The article reports the results of a comparative analysis made for three novel unconventional gear wheel forging processes based on the authors’ patented [5,6,21] plastic forming methods developed chiefly for the purposes of extruding hollow products as well as valves and pins. These processes are distinguished by the fact that part of the tooling elements which are normally fixed during conventional forging are purposefully set in motion. This is intended to change the conditions of friction at the metal-tool contact surface and to induce additional thermal effects due to the transformation of the plastic deformation energy into thermal energy and, as a consequence, to improve the plastic flow of metal and to reduce the force parameters of the process.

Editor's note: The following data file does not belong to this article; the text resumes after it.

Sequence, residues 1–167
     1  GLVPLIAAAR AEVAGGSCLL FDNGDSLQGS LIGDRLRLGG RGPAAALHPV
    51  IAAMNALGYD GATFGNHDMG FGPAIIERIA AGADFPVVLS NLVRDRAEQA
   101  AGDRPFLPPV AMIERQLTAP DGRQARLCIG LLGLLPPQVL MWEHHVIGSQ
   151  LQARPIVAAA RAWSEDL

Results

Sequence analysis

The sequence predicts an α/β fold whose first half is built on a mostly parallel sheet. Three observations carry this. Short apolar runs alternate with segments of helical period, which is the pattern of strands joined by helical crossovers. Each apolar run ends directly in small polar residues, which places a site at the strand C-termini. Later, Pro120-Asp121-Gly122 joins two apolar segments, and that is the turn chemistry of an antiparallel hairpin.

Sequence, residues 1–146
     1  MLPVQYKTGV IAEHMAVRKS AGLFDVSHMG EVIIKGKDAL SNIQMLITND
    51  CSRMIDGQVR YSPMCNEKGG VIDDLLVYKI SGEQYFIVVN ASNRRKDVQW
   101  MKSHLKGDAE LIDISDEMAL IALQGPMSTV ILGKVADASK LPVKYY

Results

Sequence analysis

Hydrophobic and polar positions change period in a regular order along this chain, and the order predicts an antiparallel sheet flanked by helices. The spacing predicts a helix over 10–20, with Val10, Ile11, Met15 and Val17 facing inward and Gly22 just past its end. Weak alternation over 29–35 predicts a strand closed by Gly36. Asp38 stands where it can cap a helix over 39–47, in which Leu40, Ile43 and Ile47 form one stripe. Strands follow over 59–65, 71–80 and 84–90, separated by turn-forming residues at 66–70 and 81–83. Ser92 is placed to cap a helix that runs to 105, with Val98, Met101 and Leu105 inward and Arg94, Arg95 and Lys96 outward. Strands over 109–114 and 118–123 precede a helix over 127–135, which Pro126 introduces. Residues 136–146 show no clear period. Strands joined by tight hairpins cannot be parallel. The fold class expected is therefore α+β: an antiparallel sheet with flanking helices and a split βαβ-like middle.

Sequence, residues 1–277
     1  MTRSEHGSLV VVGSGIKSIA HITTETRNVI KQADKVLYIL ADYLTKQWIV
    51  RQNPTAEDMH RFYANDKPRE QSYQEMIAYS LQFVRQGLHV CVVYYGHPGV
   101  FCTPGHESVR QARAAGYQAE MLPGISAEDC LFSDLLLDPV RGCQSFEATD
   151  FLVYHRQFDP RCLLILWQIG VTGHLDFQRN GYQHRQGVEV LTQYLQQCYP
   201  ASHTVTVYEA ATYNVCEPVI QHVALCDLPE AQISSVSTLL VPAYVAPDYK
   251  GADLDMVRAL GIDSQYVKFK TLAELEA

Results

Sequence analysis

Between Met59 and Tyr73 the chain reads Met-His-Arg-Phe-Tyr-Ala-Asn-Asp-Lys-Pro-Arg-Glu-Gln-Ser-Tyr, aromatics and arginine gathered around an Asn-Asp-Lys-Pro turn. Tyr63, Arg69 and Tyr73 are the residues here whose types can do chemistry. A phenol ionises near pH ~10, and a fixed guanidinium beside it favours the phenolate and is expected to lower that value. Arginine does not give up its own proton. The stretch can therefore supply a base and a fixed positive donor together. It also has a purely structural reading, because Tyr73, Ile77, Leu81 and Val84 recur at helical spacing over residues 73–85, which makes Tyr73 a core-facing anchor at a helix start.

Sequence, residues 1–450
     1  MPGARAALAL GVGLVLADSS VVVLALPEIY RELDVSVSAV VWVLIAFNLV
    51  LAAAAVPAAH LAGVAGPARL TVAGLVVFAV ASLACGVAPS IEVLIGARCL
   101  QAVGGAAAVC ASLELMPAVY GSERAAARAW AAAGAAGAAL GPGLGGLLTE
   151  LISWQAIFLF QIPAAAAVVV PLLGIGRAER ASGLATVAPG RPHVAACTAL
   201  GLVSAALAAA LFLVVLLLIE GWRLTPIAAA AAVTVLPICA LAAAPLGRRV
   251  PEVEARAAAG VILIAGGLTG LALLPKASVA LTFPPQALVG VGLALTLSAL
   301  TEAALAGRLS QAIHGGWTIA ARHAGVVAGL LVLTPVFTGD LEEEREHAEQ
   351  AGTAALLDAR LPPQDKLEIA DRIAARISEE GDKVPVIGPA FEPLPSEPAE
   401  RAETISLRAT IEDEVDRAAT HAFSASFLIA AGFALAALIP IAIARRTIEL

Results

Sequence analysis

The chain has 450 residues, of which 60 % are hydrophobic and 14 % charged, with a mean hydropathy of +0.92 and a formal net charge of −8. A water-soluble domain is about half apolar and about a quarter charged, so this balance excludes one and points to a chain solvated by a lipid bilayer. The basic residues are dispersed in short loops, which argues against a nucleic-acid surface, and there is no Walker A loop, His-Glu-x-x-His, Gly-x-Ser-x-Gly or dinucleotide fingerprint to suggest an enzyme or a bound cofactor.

The paper presents a description of the phenomena occurring on the surface of the forging dies. A detailed analysis was made of 24 pre-forging dies due to the most intensive wear in this operation. To compare the results, new tools were also analysed. The research described in the study showed that the most dangerous factor for the hot forging process analysed is thermal-mechanical fatigue, which causes small cracks, which in turn quickly leads to the formation of a crack network on the entire contact surface of the tool with forged material. The second phenomenon is the tempering of the surface of the material for a long-term temperature effect. The presence of hard iron oxides in the form of scale from forging material is the accompanying phenomenon that intensifies the processes of tool wear. The paper presents the results of the analysis of the presence of residual magnetic field for forging tools and the results of laboratory tests of wear processes of tool steels for hot work in the presence of a magnetic field and in the presence of scale.